The most extraordinary actor in this production is Frank Langella (André), whom I first saw as King Lear at BAM. The audience is able to empathize with André. Frank Langella’s performance shows a range of emotion: fear, anger, rage, sorrow, contentment, and ebullience. Langella’s character shows fear when he is deeply afraid of Pierre because Pierre is physically and emotionally abusive. We see intense anger, yet tenderness when overwhelmed at the effects of the disease. For example, André accuses his caregiver of theft, but he routinely forgets where he hides his watch. Moreover, a stately figure that falls from his intellectual stature, Langella as André projects that decline in his mental capacity as he vehemently portrays an ill parent who forgets the time of day and forgets his acquaintances. A man who appears to have had great intellectual abilities (The set exemplifies his intellect and the living room has an extensive library) refuses to acknowledge that he is experiencing difficulties. Langella as André shows ebullience when his caregiver reminds him of one of his daughters (but he forgets that she is deceased). At other times he is content to stay at home wearing his pajamas because he sees no need to change. The other characters’ performances are respectable. We see Avers’s raw emotion as Pierre when the situation affects his relationship with Anne, Erbe’s character. Hannah Cabell projects empathy and care as Laura, the caregiver. Erbe’s steadfastness is portrayed throughout her performance; her character, Anne, experiences both emotional fatigue and disappointment, but her character’s determination comes across through Erbe’s strong performance.
The lighting (constant light versus dark), costume design, props, and set design bring reality to this play. The creative team’s synergy aids the theater-goer in understanding the demands of the disease on everyone. The depiction of a changing world of Alzheimer’s via props and changing set design, helps us experience the effects of this very difficult disease as we see our loved ones become emotionally unrecognizable. Truly, as the stage goes dark and light again, we feel for a brief moment the world of the Alzheimer’s patient.
Although this play is not entertaining in the traditional sense, exploring the subject and seeing Langella’s performance is worth the time and money. It’s playing at the Samuel J. Friedman Theatre on Broadway.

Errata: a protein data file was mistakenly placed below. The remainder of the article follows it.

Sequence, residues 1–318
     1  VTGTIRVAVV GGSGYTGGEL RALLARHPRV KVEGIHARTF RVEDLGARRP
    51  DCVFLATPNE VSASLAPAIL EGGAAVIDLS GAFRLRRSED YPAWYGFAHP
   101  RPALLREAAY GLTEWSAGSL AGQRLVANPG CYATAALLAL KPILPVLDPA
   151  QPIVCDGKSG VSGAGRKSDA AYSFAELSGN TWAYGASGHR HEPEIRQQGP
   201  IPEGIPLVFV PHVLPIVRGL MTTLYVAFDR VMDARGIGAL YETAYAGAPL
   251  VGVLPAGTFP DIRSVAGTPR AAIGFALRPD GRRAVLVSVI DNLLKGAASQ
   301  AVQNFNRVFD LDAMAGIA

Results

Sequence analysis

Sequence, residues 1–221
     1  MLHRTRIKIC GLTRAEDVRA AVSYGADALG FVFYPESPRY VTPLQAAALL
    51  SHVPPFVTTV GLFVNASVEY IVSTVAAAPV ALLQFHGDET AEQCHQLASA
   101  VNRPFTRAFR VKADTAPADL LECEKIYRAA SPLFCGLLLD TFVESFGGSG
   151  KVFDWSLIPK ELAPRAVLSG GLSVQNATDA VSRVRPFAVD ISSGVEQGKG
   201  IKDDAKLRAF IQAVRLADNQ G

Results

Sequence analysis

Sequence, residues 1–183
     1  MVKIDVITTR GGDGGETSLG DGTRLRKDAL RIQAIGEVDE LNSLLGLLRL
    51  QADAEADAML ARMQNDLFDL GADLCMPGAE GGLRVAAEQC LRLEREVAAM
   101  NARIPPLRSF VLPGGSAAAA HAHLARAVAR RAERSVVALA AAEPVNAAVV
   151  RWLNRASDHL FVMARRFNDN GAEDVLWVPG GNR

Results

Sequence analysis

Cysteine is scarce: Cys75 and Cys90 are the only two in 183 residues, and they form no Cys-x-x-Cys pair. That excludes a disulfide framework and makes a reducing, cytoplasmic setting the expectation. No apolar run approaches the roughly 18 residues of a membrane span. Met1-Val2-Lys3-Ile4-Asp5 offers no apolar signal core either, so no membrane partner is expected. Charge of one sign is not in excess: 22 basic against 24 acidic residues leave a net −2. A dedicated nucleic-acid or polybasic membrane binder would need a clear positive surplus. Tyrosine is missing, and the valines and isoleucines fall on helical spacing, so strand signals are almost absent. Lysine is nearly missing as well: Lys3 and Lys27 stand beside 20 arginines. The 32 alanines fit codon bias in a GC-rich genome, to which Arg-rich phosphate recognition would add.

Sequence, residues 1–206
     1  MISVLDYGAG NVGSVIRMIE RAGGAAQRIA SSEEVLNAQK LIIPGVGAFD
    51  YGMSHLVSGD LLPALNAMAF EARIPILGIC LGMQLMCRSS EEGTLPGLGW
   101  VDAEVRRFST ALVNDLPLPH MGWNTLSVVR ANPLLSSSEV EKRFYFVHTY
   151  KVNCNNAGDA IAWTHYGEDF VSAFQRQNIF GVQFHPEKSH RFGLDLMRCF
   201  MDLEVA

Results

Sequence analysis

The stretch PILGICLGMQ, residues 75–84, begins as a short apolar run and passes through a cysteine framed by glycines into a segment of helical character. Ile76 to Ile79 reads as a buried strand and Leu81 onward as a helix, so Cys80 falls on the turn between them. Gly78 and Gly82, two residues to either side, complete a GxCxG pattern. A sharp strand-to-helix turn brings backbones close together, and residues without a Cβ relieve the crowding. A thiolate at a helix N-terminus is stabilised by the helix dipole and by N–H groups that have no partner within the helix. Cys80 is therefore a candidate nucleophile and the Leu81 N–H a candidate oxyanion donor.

Two of my aunts and one of my uncles partnered with each other when my grandmother was diagnosed with Alzheimer’s disease. For over a ten year period they, along with the caregiver, Diane, worked tirelessly and assiduously to care for my grandmother. Diane is now a member of our family, for she epitomizes the attributes of a great caregiver.
Full of verve and vigor, this bold new production of the making of the musical sensation Shuffle Along, currentlyinpreviews and scheduled to openjust in time for Tony Award nominations this April 2016, will entertain and inform the theater goer. Prior to the buzz about this production, I had not heard of Shuffle Along. I had heard of Eubie Blake, the lyricist and composer of the music, in Shuffle Along when I was in high school, but I never knew that the 1920s produced the first successful musical featuring men and women of color. Accompanying the Playbill, is a booklet that provides biographical information on the original characters. I knew only of the successful musical Porgy and Bess and of Paul Robeson becoming the first African American to play Othello. Even after purchasing group tickets for my colleagues, I did not know the history behind the story. I thought that it was a typical revival, but its director, George C. Wolfe, concluded that the musical was better performed as “The making of a musical sensation.” Having read a New York Times Magazine article a week before seeing the show, I was prepared to see one of the controversial elements of the show -two of the characters in “blackface.” Although whites typically at that time performed during minstrel shows in black face, blacks also performed similarly because whites were not accustomed to seeing blacks perform. To facilitate their performances, they donned their faces in black, despite the hypocrisy of their actions. This musical makes brief mention of their contradictory actions, while withholding judgment on their conduct. Moreover, the musical pays tribute to some of the great African-American legends of Broadway and of the music industry who paved the way for subsequent people of color. Songs that we have come to know, originate from this show (“I’m just Wild About Harry,” and “Love Will Find a Way”). Accurately depicting the social fabric of the 1920s, Shuffle Along choreographs and dances its way into Broadway history, through an impressive cast greenlighted with the ever impressive singing sensation and sixth time Tony Award winning Audra McDonald, the seasoned Brandon Stokes Mitchell, the show stopping choreography of Savion Glover, and the comical and dynamic Tony Award winning Billy Porter. Audra McDonald plays Lottie Gee, the star of the original musical, Brian Stokes Mitchell plays F. E. Miller the original writer of the show, Billy Porter plays Aubrey Lyles, his writing-partner, Joshua Henry plays Noble Sissle the musician, and Brandon Victor Dixon plays Eubie Blake. Brooks Ashmanskas plays many notable characters including the railroad president and various celebrities. Ashmanskas, the lone white man in the show, is illustrative of the both financial and racial conflict that the actors experienced in the original musical. The threat of closure due to financial insolvency loomed large over the original show.